Saturday 13 April 2024

How to grow climate friendly food at home

Were you as shocked as I was to hear that growing your own food at home has six times the GHG emissions as conventional agriculture? Surely it does not have to be like this? I looked at the study behind the news [1]. (It came out in January and I do not understand why it has hit the news again now.) The good news is, the main sources of emissions from home grown produce are easily avoided, with a bit of care. 

Compost heaps were one of the main sources of GHG emissions from urban gardens - but good practice can minimise this.

Tuesday 2 April 2024

Temperatures in my youth and now

How have external temperatures changed in my lifetime? I have been playing with graphs that show current X (e.g. temperature) as a line versus historic X as typical ranges. Here is one showing temperature in East Anglia in my youth (age 0 to 21) versus the last six whole years. The shaded areas show the range of temperatures seen from 1963 to 1984, with green and blue being below the median while orange and red are above the median. The temperatures are the average, including overnight, The maximum temperature chart actually looks much the same only shifted up a bit.

Mean temperatures by month in East Anglia from 2018 through 2023, versus typical temperatures (shaded) from 1963 to 1984. Click to see this enlarged.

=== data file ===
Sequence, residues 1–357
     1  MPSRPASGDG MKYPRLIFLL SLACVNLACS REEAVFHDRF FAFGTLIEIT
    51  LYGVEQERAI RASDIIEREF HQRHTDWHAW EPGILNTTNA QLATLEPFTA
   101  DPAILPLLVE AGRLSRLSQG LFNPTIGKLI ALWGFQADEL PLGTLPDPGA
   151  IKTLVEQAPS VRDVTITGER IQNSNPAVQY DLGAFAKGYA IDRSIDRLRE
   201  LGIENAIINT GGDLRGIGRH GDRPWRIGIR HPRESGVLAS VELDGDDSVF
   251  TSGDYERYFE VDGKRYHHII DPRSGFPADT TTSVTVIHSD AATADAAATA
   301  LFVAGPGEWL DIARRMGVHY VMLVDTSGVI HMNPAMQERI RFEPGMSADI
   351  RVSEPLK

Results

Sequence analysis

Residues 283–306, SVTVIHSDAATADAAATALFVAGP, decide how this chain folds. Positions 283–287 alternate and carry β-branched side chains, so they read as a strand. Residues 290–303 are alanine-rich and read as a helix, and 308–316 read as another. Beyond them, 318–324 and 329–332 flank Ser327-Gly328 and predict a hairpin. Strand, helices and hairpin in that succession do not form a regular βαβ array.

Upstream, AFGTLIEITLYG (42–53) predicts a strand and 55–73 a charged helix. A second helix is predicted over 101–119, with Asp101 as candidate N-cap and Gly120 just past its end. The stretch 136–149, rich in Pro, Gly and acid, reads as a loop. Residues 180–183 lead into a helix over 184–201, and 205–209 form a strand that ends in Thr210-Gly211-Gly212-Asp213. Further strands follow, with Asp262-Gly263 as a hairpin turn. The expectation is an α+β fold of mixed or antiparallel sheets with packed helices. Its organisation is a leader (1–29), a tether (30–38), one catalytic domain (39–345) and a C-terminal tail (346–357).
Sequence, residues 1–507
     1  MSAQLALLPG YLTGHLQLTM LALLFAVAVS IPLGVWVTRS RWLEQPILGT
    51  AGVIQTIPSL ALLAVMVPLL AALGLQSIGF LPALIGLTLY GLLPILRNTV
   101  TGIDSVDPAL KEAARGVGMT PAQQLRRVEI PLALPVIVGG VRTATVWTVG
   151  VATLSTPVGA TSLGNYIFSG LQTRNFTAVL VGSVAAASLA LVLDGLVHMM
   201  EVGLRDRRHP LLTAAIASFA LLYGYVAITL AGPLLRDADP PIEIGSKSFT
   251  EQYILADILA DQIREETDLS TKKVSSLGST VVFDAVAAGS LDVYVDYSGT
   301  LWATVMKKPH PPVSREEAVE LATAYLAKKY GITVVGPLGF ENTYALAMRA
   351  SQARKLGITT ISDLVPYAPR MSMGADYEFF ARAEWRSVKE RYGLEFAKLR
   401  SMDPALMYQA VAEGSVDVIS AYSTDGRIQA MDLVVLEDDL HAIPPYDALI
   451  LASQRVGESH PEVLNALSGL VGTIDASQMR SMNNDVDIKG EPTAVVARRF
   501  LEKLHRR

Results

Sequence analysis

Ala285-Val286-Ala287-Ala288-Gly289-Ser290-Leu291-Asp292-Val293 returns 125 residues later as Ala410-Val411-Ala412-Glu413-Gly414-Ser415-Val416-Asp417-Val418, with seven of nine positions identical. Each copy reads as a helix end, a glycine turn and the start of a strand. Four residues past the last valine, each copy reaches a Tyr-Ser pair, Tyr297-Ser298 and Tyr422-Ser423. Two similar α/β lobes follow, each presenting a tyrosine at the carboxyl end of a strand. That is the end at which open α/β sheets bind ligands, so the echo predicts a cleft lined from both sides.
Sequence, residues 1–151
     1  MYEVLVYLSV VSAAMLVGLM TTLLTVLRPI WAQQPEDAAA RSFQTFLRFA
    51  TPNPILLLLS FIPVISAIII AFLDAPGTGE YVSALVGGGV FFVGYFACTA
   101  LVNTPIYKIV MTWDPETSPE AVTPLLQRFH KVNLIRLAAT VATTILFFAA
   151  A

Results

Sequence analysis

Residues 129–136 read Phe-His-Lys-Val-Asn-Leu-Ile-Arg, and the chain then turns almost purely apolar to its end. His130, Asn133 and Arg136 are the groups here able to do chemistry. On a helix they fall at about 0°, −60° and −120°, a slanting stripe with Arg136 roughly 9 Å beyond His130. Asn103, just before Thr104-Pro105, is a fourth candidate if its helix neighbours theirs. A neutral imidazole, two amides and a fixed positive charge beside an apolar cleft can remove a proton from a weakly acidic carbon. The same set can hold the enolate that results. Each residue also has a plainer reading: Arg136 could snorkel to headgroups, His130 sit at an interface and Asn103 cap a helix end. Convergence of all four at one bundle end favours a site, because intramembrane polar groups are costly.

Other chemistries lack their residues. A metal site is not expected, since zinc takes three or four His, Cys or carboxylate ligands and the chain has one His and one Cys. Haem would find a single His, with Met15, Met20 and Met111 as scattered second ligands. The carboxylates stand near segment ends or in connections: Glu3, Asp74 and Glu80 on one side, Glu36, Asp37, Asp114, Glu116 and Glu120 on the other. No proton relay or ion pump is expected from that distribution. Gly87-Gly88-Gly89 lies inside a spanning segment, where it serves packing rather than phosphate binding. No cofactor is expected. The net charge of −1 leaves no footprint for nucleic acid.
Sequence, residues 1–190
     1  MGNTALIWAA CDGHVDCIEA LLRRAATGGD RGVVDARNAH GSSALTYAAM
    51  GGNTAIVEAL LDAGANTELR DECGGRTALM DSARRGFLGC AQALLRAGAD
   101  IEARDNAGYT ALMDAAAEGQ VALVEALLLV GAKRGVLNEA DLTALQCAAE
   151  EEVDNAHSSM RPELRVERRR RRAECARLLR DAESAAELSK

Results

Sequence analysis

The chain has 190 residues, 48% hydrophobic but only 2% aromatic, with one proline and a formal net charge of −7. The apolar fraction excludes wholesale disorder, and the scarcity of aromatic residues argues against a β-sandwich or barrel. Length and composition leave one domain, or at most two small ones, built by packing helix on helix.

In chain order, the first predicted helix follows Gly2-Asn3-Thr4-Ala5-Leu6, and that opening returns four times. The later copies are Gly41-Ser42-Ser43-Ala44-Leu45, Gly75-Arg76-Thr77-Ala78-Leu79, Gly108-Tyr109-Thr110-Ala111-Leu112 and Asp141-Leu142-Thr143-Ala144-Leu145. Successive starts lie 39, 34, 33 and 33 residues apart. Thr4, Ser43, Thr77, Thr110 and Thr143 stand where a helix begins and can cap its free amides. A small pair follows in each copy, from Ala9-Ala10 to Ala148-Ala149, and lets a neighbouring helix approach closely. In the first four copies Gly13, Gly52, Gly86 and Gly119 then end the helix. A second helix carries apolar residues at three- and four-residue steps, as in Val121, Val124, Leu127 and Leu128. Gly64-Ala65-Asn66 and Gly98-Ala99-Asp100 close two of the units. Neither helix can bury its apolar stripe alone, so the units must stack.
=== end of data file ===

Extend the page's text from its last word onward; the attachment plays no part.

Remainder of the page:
Monday 19 February 2024

A whole street of heat pumps - noise levels

Heat pumps make noises, of course they do. The question is, will their noise be a nuisance if every house on the street has one? The short answer is - not usually. Here I explain why we are not disturbed by ours, and why a whole street of heat pumps does not sound much louder than a couple. In urban areas, other noises are much more noticeable. In rural areas, you might be disturbed by yours but not so much your neighbour's.

Saturday 10 February 2024

Rainwater harvesting: dammed by regulation

For the whole of the East of England water supply is an increasing problem. Here in Cambridge we need to reduce the amount we take from our aquifers by about half in order to protect the chalk streams. This will be achieved with a combination of reducing leakage, reducing demand and increasing supply (by building large reservoirs). One way to reduce demand is to harvest rainwater for use where it does not have to be drinking quality, such as flushing toilets. 

Eddington in North West Cambridge has a rainwater harvesting system for 3000 homes, the largest in the country. It is often cited as an exemplar for water saving, with every home having two supplies: one from rainwater (non-potable) for use in the garden, in the washing machine and flushing the loo alongside the one from the mains for everything else. As I recall, the pipework has different colours. The rainwater is stored in a rather beautiful lake and is fairly clean but not as clean as the water we get from the chalk aquifer; there is equipment for basic treatment on site. The problem is, the rainwater harvesting supply has never been commissioned due to concerns from the Drinking Water Inspectorate (DWI). 


Brook Leys Lake at Eddington – stores rainwater for supply to homes, but not commissioned for use.

Tuesday 9 January 2024

Shifting policy costs on energy bills - revisited